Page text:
Staff Compensation

The Law

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This is part of "What Every Grantmaker Should Know & Frequently Asked Legal Questions."

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As described in the sections of this booklet on self-dealing and excess benefit transactions, the Internal Revenue Code imposes excise tax penalties when unreasonable or excessive compensation is paid to high-level employees of charitable organizations. Examples of excessive staff compensation that get the most attention by elected officials and the media tend to involve compensation paid to the president or CEO.

What Is Reasonable?

Generally, reasonable staff compensation is defined as what similar persons in similar positions with similar duties at similar organizations are paid.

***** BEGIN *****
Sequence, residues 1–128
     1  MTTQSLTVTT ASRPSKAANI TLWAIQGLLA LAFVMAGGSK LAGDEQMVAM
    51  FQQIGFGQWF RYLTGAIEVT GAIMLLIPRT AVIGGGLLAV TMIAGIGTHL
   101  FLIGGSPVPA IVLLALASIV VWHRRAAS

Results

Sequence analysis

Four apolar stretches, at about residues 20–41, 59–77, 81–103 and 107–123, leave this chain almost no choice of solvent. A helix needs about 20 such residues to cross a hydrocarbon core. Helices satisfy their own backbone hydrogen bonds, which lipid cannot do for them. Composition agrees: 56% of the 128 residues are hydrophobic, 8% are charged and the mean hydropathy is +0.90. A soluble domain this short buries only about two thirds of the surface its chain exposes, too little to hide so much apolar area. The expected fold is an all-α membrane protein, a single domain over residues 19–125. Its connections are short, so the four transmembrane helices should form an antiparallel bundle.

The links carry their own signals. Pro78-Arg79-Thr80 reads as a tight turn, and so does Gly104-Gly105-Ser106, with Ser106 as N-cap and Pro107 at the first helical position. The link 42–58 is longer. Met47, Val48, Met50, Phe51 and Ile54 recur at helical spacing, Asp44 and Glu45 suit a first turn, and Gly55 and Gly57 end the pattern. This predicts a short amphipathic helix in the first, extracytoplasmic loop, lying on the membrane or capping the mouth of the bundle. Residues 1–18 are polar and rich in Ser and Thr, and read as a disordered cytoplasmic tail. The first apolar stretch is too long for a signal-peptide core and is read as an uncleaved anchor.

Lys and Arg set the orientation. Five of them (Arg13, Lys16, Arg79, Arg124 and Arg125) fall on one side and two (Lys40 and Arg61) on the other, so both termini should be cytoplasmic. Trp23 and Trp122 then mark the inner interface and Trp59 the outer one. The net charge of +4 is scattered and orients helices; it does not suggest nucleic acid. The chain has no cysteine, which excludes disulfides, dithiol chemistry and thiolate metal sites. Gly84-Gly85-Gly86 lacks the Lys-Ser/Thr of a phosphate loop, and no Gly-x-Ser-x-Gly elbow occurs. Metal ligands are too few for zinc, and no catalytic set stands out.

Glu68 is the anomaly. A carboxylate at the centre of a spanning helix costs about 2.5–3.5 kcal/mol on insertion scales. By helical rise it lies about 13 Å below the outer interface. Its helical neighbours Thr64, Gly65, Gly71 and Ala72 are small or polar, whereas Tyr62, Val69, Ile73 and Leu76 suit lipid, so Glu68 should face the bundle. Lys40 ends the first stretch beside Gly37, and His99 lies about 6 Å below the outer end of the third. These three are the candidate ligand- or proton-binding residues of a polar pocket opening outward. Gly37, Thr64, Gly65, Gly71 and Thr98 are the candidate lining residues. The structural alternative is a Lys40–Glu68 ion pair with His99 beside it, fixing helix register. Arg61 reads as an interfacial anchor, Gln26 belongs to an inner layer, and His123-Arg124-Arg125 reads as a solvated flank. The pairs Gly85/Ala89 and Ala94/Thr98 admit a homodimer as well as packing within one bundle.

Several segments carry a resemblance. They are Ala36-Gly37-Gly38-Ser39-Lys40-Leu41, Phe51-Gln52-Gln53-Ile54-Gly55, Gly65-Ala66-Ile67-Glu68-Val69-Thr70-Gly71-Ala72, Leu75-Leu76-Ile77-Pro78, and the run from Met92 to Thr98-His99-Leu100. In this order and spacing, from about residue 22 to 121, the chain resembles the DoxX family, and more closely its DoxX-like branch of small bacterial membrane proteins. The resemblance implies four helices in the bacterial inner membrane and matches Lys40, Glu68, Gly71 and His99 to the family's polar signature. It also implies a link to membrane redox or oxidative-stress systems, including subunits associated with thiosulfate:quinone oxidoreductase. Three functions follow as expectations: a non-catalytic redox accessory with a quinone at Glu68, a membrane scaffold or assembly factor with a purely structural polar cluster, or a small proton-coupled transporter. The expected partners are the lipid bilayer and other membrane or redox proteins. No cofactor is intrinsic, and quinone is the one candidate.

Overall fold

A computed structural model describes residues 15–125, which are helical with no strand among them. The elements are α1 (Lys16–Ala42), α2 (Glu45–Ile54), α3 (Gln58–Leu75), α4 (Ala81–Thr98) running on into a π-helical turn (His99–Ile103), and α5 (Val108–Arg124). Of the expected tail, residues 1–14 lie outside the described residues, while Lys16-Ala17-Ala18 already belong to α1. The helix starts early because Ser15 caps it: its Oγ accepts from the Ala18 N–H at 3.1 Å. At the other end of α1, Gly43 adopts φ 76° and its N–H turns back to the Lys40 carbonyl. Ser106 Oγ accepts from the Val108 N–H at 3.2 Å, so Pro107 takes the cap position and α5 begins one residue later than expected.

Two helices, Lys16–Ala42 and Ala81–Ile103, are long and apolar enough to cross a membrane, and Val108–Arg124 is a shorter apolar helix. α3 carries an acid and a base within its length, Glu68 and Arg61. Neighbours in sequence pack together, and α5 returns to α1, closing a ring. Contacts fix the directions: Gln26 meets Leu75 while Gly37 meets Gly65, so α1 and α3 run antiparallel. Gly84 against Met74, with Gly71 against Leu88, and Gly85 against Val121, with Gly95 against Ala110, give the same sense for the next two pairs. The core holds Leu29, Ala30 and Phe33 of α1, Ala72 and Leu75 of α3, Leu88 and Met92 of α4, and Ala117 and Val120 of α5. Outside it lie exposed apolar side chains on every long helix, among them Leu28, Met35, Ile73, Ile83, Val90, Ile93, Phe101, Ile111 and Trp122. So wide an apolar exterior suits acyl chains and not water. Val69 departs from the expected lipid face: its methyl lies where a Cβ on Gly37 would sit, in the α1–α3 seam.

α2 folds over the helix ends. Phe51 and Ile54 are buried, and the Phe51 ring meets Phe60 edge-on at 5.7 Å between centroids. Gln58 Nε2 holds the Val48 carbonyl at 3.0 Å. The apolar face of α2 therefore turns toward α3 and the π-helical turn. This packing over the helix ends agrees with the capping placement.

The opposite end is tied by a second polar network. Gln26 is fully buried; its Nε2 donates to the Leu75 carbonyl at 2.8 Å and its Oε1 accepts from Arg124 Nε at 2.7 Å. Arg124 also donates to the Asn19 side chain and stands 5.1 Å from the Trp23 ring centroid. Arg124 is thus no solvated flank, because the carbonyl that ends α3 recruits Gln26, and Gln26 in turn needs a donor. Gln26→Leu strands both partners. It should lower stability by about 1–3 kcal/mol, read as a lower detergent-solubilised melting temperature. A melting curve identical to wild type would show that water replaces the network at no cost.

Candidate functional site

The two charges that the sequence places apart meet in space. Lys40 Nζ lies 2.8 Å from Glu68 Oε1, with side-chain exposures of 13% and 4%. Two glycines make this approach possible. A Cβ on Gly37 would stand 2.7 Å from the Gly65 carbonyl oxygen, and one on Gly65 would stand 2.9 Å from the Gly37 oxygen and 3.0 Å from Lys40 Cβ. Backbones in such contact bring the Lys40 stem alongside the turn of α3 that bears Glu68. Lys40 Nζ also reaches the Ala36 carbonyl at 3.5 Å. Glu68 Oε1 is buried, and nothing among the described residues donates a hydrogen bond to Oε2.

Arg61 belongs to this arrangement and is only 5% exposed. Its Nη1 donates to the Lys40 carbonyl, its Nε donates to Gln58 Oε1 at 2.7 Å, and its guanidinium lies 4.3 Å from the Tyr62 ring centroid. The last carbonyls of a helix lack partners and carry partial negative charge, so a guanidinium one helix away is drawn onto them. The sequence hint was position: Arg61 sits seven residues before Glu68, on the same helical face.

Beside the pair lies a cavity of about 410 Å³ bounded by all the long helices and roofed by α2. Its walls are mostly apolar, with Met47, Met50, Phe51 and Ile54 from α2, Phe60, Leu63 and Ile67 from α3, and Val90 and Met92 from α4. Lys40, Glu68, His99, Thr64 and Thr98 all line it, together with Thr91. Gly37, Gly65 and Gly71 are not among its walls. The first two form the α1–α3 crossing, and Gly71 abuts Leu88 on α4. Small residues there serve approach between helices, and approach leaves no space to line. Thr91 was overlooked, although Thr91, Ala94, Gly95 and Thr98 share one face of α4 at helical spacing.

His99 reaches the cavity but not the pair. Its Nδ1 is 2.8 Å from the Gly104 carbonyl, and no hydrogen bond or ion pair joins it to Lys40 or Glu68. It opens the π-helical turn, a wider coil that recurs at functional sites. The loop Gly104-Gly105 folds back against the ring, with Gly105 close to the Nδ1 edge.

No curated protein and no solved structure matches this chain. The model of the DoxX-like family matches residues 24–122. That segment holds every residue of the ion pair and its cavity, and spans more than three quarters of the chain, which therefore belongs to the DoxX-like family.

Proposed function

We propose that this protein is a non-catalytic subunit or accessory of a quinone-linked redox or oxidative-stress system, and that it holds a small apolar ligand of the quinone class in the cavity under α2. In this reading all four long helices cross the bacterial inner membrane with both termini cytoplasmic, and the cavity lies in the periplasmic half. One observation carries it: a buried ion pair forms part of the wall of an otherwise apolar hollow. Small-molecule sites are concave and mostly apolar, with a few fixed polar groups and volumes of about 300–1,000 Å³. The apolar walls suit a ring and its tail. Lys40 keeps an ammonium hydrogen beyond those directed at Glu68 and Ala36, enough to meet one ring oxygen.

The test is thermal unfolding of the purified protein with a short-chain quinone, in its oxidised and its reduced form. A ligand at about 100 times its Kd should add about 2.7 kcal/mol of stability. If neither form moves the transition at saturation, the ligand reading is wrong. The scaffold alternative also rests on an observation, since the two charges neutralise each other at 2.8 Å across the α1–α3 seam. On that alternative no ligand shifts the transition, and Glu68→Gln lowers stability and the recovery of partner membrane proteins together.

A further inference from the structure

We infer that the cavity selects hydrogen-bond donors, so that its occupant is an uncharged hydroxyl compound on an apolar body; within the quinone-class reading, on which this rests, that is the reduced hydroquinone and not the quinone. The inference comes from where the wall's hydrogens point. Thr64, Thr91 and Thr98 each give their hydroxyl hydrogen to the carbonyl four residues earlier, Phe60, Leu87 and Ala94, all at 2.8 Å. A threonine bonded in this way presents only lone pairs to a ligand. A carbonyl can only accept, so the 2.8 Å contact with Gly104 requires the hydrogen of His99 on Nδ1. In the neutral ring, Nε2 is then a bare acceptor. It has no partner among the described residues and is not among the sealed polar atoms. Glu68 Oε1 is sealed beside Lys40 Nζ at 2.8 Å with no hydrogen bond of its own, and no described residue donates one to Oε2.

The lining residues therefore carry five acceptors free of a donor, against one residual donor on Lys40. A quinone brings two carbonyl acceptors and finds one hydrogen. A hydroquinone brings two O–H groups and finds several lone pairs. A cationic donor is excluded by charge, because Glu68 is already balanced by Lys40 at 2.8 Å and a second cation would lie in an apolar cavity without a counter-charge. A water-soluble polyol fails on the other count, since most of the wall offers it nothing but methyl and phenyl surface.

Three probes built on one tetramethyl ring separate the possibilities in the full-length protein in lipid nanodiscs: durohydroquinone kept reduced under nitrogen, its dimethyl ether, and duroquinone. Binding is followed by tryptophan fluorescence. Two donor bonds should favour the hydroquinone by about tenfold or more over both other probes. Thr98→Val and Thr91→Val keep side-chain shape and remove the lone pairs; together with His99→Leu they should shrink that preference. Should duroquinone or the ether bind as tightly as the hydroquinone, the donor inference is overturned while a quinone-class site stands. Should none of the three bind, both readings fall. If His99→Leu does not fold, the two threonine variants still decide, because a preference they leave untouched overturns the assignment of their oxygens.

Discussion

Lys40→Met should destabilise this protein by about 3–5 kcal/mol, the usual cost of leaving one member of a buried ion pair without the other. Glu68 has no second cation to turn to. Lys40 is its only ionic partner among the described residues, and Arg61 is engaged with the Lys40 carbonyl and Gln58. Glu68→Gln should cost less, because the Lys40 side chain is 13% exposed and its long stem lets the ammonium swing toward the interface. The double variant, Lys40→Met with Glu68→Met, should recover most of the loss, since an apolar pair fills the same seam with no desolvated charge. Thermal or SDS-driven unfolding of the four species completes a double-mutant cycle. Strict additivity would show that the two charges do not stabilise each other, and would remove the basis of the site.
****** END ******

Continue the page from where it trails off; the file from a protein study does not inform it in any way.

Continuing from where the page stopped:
Both private foundations and public charities may determine appropriate staff compensation, particularly for senior-level positions, using the guidance provided by the rebuttable presumption procedure described in the excess benefit transaction rules. Although these rules only apply to community foundations and other public charities, the rules offer useful guidance for all foundations on best practices to follow for compensation decisions.

Although private foundations may wish to use the rebuttable presumption procedure as a matter of good governance, it is important to note that only public charities currently get the benefit of the rebuttable presumption.